The independent record store-owner stereotype is well-founded: They probably do know more about music than you. Once your bruised ego subsides, take advantage of the wealth of knowledge that awaits you Downtown at Mecca Records & Books. Proprietor Rocky de la Vega is well-informed about music, art and obscure cultural knowledge, and one browse through Mecca reveals the significant result of his lifelong exploration. Shop ’til you drop from 11am to 6pm on Tuesdays and Thursdays through Saturdays; on Sunday, hours are noon to 5pm. Listen to your finds on Mondays and Wednesday, when Mecca’s closed. My closest DJ friends simply rave about Mecca’s electronic selection/curation. So go forth, browse and be merry.
Strolling through Nob Hill with record-shopping on the brain? Look for the Nob Hill Music sign: It’s a circular logo featuring the store’s name. Once inside, the sign’s color scheme continues to inform the scene. Amidst framed memorabilia, dig through LPs, EPs, tapes and CDs in the soothing chartreuse and lemon yellow interior. If you’re on Facebook—and who isn’t?—“like” Nob Hill Music (facebook.com/nobhillmusic) to inject release news and secret savings passwords into your newsfeed. The store even curates a YouTube channel of recent releases and new vintage finds. The best thing about aural gifting is that everyone digs music; you just have to find their sonic sweet spot.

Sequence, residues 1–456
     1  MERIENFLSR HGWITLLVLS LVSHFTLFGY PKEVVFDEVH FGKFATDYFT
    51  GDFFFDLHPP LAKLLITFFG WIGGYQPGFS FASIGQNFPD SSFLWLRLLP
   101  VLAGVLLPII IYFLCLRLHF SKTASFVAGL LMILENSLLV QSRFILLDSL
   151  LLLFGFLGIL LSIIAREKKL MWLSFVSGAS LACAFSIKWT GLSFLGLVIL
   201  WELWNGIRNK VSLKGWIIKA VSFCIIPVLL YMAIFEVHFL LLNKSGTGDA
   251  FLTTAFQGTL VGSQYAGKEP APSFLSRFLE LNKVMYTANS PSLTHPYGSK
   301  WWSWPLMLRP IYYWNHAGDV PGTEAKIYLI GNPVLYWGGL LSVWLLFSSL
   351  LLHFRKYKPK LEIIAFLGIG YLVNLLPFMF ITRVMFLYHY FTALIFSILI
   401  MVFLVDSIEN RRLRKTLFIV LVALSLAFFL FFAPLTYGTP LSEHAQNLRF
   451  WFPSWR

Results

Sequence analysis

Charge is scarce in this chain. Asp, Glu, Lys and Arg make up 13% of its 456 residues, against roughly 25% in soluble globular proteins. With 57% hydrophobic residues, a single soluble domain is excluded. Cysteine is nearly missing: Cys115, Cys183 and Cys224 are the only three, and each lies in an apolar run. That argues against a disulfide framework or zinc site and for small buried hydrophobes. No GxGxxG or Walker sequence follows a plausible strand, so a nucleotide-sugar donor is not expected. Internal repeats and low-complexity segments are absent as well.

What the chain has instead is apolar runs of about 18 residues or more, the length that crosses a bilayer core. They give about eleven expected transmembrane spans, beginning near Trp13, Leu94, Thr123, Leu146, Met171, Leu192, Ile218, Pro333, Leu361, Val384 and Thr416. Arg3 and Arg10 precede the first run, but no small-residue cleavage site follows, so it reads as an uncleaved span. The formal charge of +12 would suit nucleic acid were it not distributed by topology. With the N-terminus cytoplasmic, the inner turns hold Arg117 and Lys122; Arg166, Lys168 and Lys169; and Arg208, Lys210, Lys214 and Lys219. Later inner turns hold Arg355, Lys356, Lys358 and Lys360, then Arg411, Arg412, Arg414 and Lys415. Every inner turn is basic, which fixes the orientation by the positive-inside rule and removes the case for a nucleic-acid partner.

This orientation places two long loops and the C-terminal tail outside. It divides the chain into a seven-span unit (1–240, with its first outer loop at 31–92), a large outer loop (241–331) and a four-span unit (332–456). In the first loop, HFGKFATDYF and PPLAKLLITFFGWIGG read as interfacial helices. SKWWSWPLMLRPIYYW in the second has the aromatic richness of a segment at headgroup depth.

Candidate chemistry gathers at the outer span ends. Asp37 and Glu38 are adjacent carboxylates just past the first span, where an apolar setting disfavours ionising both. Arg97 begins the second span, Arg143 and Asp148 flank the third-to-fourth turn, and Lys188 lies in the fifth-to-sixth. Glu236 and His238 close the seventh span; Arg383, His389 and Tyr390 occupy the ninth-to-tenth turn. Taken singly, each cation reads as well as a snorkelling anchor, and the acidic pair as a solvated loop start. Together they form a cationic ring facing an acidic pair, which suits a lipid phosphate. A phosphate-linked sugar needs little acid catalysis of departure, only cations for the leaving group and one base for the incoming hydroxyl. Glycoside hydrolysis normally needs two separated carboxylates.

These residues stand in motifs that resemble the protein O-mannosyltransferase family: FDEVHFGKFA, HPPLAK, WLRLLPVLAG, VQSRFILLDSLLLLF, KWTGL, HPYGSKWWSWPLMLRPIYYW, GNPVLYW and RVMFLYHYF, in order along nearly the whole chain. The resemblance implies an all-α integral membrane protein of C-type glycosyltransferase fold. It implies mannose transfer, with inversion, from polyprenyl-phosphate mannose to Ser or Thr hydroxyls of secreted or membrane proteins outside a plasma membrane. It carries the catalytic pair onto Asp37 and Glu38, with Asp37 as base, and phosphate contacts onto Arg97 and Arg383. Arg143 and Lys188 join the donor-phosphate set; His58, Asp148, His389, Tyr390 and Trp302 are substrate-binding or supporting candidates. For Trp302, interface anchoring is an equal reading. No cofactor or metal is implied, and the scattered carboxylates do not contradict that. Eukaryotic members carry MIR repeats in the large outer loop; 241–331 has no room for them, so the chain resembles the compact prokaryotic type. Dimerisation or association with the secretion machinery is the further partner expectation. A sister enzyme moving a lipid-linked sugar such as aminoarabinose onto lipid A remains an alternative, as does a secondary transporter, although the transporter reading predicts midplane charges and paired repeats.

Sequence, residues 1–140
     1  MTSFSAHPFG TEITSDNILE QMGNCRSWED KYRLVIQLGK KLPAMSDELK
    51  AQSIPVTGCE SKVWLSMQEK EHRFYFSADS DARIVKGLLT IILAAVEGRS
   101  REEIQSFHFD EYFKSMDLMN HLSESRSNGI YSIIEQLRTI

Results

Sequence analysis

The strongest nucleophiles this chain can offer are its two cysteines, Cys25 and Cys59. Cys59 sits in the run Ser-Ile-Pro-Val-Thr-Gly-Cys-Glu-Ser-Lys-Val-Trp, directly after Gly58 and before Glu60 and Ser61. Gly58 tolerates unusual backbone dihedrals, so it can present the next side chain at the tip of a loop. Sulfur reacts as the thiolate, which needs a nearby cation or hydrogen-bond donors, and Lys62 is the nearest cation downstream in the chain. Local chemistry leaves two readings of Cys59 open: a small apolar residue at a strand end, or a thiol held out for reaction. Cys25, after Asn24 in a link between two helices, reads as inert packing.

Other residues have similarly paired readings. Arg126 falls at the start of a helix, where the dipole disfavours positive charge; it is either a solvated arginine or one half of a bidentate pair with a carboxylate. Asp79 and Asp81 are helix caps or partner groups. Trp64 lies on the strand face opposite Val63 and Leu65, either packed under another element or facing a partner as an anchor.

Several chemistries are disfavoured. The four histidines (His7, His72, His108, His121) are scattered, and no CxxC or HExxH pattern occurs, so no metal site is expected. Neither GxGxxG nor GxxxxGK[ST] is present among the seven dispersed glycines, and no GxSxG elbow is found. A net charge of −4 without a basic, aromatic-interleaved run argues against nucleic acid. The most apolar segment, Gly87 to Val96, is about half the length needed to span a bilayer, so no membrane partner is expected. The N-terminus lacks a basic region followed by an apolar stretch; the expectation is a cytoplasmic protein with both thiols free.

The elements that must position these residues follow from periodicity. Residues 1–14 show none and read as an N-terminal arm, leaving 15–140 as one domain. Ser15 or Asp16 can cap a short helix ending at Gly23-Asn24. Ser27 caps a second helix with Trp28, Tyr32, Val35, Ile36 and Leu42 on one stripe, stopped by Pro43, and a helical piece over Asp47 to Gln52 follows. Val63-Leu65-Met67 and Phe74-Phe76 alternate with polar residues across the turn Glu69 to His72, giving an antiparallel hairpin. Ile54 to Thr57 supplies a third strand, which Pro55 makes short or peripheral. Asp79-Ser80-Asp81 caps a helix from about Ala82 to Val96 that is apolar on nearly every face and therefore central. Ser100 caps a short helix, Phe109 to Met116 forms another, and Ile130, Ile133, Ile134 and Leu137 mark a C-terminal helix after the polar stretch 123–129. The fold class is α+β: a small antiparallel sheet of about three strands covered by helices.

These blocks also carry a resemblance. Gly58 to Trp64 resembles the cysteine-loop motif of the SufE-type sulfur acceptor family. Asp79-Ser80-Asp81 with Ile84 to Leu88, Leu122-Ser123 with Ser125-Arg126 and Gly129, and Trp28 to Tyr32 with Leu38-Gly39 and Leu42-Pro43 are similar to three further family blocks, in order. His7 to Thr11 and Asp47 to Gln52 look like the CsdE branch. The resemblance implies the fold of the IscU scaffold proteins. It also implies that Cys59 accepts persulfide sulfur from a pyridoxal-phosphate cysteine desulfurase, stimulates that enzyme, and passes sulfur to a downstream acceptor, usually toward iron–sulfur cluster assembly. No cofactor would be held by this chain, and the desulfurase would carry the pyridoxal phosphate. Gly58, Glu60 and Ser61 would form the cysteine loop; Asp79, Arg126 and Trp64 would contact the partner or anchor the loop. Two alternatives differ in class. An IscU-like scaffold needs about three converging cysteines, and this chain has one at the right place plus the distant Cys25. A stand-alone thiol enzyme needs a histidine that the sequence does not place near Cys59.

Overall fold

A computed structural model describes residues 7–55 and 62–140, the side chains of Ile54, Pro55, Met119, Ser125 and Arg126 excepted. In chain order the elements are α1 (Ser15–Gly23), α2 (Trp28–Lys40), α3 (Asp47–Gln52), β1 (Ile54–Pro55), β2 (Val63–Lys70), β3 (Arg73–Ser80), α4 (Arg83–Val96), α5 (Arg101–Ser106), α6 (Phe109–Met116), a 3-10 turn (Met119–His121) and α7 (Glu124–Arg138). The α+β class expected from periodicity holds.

Charley’s 33s and CDs is a Burque institution, and they’ve got gifts galore to choose from: everything from racks of vintage clothing to CDs to incense to band T-shirts to stickers to stereo equipment. With a whip-smart and courteous staff and a selection to rival any corporate behemoth, hit up Charley’s for one-stop shopping this holiday season. They’re open every day of the week, but hours vary, so check out their Facebook page for your best shot at the gifter hall of fame. At press time, there’s a rare LP of John Carpenter’s Prince of Darkness soundtrack—on colored vinyl—for less than $35.